GT Zirkon

Family overview
  • Ultra Light Italic
  • Thin Italic
  • Light Italic
  • Book Italic
  • Regular Italic
  • Medium Italic
  • Bold Italic
  • Black Italic
  • Ultra Light
    Chemical substitution and coordination polyhedra explain this common feature of minerals.
  • Ultra Light Italic
    Currently, zircons are typically dated by uranium-lead (U-Pb), fission-track, cathodoluminescence, and U+Th/He techniques.
  • Thin
    Recent experiments, for example, have shown that crystals grow five times faster when their supersaturated solution is subjected to frequencies of 10 to 100 cycles a second.
  • Thin Italic
    Some rocks, such as limestone or quartzite, are composed primarily of one mineral—calcite or aragonite in the case of limestone, and quartz in the latter case.
  • Light
    Scientists then studied the diamonds’ composition, looking specifically at their carbon isotopes.
  • Light Italic
    During the growth process, crystals are also highly susceptible to consciousness imprinting, whereby the meditations, through-patterns, healing energy or bioelectric field identity of the grower may be enjoined within the crystalline structure and memory.
  • Book
    The dark brown to black color observed in most Zircon crystals is caused from iron oxide impurities.
  • Book Italic
    Zircon often contains traces of radioactive elements in its structure, which causes it to be metamict.
  • Regular
    New York University chemists have created three-dimensional DNA structures, a breakthrough bridging the molecular world to the world where we live.
  • Regular Italic
    In crystal growth, combinations of light intensity, light color, electric current, sound, the direction of these, plus the shape and size (frequency pattern) of the container or room, will all affect the final characteristics and energy potentials of a desired stone.
  • Medium
    Connected to internal radiation damage, these processes partially disrupt the crystal structure and partly explain the highly variable properties of zircon.
  • Medium Italic
    The dark brown to black color observed in most Zircon crystals is caused from iron oxide impurities.
  • Bold
    Cursed gems are the exception to the rule, however, for in most respects, gems and crystals are generally looked upon favorably, having properties for good luck, for healing, and in aiding in psychic abilities.
  • Bold Italic
    New York University chemists have created three-dimensional DNA structures, a breakthrough bridging the molecular world to the world where we live.
  • Black
    Zircon is ubiquitous in the crust of Earth and it occurs as a common accessory mineral in igneous rocks, in metamorphic rocks and as detrital grains in sedimentary rocks.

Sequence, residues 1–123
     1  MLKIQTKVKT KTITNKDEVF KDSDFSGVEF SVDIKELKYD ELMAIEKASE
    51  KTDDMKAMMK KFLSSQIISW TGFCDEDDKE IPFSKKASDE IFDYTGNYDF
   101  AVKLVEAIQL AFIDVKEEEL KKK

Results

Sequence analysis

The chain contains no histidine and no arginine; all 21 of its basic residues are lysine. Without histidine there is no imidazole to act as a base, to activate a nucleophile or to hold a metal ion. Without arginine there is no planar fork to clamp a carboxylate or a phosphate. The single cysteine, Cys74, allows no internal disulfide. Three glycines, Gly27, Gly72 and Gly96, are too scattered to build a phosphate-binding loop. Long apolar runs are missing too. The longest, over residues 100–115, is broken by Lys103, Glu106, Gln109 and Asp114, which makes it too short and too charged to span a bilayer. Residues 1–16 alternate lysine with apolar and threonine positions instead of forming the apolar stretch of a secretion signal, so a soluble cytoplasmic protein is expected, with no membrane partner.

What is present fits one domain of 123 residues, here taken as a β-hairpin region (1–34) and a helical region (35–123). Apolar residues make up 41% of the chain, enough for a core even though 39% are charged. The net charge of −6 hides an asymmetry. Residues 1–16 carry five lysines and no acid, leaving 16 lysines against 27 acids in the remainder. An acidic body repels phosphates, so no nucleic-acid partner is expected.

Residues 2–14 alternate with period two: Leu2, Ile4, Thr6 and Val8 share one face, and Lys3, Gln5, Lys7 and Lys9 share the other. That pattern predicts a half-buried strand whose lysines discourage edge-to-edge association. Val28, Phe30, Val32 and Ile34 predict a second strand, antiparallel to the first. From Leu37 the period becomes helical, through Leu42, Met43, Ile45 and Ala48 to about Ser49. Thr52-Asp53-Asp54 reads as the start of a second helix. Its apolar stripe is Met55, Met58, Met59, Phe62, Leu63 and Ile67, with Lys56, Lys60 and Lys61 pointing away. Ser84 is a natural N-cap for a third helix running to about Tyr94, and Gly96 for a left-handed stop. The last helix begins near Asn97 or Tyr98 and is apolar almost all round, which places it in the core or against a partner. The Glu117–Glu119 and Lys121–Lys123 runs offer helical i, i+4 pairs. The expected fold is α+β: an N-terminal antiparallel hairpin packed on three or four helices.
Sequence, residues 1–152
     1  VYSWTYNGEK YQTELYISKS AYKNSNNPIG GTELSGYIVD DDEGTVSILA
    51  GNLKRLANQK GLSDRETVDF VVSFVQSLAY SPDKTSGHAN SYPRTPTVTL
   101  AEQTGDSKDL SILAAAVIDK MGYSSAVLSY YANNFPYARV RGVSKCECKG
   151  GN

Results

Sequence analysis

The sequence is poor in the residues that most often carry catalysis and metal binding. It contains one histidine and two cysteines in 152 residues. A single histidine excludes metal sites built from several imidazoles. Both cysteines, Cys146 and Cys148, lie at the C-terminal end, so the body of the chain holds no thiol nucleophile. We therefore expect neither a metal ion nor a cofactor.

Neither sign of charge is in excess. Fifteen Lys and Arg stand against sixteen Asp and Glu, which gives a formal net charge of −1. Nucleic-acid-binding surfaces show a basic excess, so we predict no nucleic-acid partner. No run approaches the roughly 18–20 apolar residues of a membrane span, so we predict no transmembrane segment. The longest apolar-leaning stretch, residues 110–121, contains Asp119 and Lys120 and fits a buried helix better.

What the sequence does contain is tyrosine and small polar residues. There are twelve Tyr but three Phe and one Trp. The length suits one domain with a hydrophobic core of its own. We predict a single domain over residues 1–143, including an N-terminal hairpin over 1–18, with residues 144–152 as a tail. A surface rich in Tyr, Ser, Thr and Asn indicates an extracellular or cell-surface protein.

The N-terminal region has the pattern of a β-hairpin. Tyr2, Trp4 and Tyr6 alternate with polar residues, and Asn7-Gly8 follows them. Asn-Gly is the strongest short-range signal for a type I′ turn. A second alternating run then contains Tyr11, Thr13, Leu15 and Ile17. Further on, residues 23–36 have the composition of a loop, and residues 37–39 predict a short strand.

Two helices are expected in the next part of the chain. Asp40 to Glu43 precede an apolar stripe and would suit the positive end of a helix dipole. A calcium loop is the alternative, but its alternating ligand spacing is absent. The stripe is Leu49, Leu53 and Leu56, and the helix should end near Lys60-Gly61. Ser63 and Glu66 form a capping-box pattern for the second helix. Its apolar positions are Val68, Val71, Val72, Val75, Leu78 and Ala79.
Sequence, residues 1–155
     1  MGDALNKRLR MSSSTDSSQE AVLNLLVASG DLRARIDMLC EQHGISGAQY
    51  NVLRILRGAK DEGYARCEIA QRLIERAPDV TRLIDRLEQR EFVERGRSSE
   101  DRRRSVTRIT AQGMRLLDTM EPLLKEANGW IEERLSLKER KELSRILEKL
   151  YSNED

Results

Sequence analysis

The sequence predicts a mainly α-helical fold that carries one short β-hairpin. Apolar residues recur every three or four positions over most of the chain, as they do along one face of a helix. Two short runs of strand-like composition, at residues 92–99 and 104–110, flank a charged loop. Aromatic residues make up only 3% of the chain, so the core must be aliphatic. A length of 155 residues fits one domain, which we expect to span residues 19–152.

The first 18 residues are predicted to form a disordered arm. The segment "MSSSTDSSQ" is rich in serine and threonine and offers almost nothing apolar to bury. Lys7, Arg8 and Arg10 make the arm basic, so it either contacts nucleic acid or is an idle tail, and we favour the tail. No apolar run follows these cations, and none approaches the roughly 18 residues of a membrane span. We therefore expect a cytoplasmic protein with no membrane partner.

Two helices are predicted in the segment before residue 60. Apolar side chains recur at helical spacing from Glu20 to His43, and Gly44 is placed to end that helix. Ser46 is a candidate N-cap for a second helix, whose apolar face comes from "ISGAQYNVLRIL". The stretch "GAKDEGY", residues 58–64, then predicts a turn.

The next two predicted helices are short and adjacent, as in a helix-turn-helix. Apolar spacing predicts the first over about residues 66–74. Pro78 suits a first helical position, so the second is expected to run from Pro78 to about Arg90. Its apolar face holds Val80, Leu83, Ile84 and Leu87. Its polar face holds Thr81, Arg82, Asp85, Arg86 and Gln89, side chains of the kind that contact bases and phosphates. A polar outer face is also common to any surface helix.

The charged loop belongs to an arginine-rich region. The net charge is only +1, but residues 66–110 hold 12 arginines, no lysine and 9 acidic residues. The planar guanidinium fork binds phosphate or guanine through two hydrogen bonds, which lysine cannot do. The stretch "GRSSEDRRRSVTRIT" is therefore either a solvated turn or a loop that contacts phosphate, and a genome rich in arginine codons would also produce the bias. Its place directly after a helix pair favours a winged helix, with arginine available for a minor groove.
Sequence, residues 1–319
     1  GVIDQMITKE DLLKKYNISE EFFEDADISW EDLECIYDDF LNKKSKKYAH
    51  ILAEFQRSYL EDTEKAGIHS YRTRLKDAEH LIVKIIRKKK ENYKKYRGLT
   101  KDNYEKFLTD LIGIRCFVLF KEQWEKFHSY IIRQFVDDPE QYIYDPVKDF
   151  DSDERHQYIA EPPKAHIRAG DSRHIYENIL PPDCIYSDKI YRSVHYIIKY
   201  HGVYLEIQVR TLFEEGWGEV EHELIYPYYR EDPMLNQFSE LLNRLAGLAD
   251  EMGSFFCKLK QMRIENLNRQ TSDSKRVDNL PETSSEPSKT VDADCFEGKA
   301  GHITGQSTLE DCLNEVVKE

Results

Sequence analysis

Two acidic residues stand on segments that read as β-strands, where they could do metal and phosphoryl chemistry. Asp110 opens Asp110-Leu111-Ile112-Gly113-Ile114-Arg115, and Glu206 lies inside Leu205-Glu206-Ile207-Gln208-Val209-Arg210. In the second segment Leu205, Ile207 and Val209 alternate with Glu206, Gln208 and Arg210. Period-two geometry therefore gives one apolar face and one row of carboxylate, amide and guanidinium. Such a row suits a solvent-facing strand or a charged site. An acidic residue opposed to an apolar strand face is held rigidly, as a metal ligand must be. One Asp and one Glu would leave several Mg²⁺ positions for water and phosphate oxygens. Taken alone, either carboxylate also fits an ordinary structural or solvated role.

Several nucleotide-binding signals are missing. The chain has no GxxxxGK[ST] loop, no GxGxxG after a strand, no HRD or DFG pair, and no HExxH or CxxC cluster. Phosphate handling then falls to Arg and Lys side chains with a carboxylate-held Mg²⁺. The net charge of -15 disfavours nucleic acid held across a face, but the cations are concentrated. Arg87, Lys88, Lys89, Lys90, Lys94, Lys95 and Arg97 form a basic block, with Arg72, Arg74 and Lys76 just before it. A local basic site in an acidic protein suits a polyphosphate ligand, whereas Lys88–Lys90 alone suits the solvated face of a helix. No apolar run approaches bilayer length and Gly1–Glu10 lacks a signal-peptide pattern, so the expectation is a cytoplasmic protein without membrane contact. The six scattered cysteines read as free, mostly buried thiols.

• Black Italic
    Zirconium is a chemical element with symbol Zr and atomic number 40.
  • Settings
    Size
Typeface information

GT Zirkon is an extravagant sans serif workhorse. It blends the worlds of rational tool and ornamentation by applying techniques used to optimize type for small sizes in a refined way.

Latin-alphabet languages: Afaan, Afar, Afrikaans, Albanian, Alsatian, Amis, Anuta, Aragonese, Aranese, Aromanian, Arrernte, Asturian, Atayal, Aymara, Azerbaijani, Basque, Belarusian, Bemba, Bikol, Bislama, Bosnian, Breton, Cape Verdean Creole, Catalan, Cebuano, Chamorro, Chavacano, Chichewa, Chickasaw, Cimbrian, Cofán, Cornish, Corsican, Creek, Croatian, Czech, Danish, Dawan, Dholuo, Drehu, Dutch, English, Estonian, Faroese, Fijian, Filipino, Finnish, French, Frisian, Friulian, Galician, Ganda, Genoese, German, Gikuyu, Gooniyandi, Greenlandic (Kalaallisut), Guadeloupean Creole, Gwich’in, Haitian Creole, Hawaiian, Hiligaynon, Hopi, Hungarian, Icelandic, Ido, Igbo, Ilocano, Indonesian , Irish, Istro-Romanian, Italian, Jamaican, Javanese, Jèrriais, Kaingang, Kala Lagaw Ya, Kapampangan, Kaqchikel, Kashubian, Kikongo, Kinyarwanda, Kiribati, Kirundi, Kurdish, Ladin, Latin, Latvian, Lithuanian, Lombard, Low Saxon, Luxembourgish, Maasai, Makhuwa, Malay, Maltese, Manx, Māori, Marquesan, Megleno-Romanian, Meriam Mir, Mirandese, Mohawk, Moldovan, Montagnais, Montenegrin, Murrinh-Patha, Nagamese Creole, Nahuatl, Ndebele, Neapolitan, Niuean, Noongar, Norwegian, Occitan, Old Icelandic, Old Norse, Oshiwambo, Palauan, Papiamento, Piedmontese, Polish, Portuguese, Q’eqchi’, Quechua, Rarotongan, Romanian, Romansh, Rotokas, Inari Sami, Lule Sami, Northern Sami, Southern Sami, Samoan, Sango, Saramaccan, Sardinian, Scottish Gaelic, Seri, Seychellois Creole, Shawnee, Shona, Sicilian, Silesian, Slovak, Slovenian, Somali, Upper and Lower Sorbian, Northern and Southern Sotho, Spanish, Sranan, Sundanese, Swahili, Swazi, Swedish, Tagalog, Tahitian, Tetum, Tok Pisin, Tokelauan, Tongan, Tshiluba, Tsonga, Tswana, Tumbuka, Turkish, Tuvaluan, Tzotzil, Venetian, Vepsian, Võro, Wallisian, Walloon, Waray-Waray, Warlpiri, Wayuu, Welsh, Wik-Mungkan, Wolof, Xavante, Xhosa, Yapese, Yindjibarndi, Zapotec, Zarma, Zazaki, Zulu, Zuni

Typeface features

OpenType features enable smart typography. You can use these features in most Desktop applications, on the web, and in your mobile apps. Each typeface contains different features. Below are the most important features included in GT Zirkon’s fonts:

  • SS01
  • Alternate Arrows
Volume ↗
  • SS02
  • Alternate f
Refraction
  • ONUM
  • Oldstyle Figures
0123456789
  • SMCP
  • Small Caps
Ore Deposit
Typeface Minisite
  • Visit the GT Zirkon minisite to discover more about the typeface family’s history and design concept.
GT Zirkon in use